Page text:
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March Book Reviews

This month, I got a lot of reading done!


So here are my reviews for YA novels The Trick of the Light (5/5 stars), The Last Time We Say Goodbye (5/5 stars), Sick Kids in Love (4/5 stars), and Hot Dog Girl (4/5 stars) as well as a non-fiction novel (I normally don't review these, but this one was bas enough I felt the need to, 1/5 stars).


A Trick of the Light by Lois Metzger


5/5 stars.

Really intriguing premise, with the narrator as anorexia, and the exploration of male anorexia in particular. The author not only captured the facts of the disorder well, she captured the feelings and side effects (socially, physically, emotionally) as well. Shorter, well-written, with some great symbols. Definitely recommend reading.











The Last Time We Say Goodbye by Cynthia Hand


5/5 stars.

A well-written account of grief, Suicide, and what comes afterwards. Raw and real, this book stays away from cliches to offer a poignantly emotional story. The characters are well-developed and relatable. The romance plots refreshingly aren’t overpowering nor do they solve problems they shouldn’t. The topic of suicide is handled tactfully, with great insights many books do not explore (ie the domino effect, suicide prevention, etc). Definitely worth reading.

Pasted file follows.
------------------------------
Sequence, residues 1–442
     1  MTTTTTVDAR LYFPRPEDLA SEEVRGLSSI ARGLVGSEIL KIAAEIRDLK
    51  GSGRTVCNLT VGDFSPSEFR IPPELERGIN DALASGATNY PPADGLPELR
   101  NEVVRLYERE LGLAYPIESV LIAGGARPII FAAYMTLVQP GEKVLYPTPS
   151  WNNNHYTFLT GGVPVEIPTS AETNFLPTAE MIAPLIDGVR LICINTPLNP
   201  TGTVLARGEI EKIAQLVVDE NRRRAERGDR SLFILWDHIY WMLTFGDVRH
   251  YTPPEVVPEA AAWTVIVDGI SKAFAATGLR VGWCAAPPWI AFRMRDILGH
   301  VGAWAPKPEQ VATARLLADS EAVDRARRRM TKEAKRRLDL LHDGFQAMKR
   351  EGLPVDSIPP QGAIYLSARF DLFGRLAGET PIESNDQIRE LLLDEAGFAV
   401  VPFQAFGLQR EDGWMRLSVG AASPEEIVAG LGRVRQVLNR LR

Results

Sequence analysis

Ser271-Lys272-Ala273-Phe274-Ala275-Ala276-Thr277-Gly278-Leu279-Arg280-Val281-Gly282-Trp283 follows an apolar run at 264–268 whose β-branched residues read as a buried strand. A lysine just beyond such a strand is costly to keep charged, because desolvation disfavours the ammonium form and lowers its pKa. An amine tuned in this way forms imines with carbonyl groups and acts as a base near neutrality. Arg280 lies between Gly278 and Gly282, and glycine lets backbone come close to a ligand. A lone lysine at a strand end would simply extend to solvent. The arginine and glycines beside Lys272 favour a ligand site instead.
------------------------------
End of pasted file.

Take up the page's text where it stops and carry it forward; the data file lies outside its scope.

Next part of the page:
Sick Kids in Love by Hannah Moskowitz


4/5 Stars. Overall, a great book with awesome #ownvoices and disability rep. Well-developed themes on chronic and invisible illness, disability, family/friends/support, Judaism, and more. Definitely worth reading.


From a literary point of view, the plot was lacking. There was no driving force for Ibby or a main goal she is trying to accomplish besides Not Dating, which left some parts dragging. Another thing I wished was different— the triggering of intimacy in their relationship was cringy, and the lack of teenage lust beforehand felt unrealistic.



Hot Dog Girl by Jennifer Dugan


4/5 Stars. Overall a solid book. Dugan is clearly gifted and there were a lot of elements I liked (fake dating, LGBTQ+ rep, flawed protagonist who means well). The ending was well done and definitely helped make up for any pieces I wasn't crazy about earlier. I also appreciated that the conflict was not based on lack of communication on the part of the protagonist, like many romances infuriatingly are.


While I mostly enjoyed the MC I did get frustrated with her for her plots. She was stubborn, to a frustrating degree, especially for how ridiculous some of them were. I do see how this was a part of her character, but it did often suspend realism for me as I questioned how anyone could really believe that these would work.




Non-fiction


The Brain Fog Fix by Dr. Mike Dow


1/5 Stars.

As if there weren’t enough issues about nutrition and mental health misinformation without books like this... especially from a therapist and doctor.


Sugar is compared to cocaine (really??), “toxins” and inflammatory foods blamed for mental illness, and anxiety and depression stated as apparently curable in 3 weeks by eliminating all these foods....


For the record, no individual food is unhealthy in moderation, and definitely not the same as cocaine. “Toxins” are not a thing. Diet does not cure mental illness.




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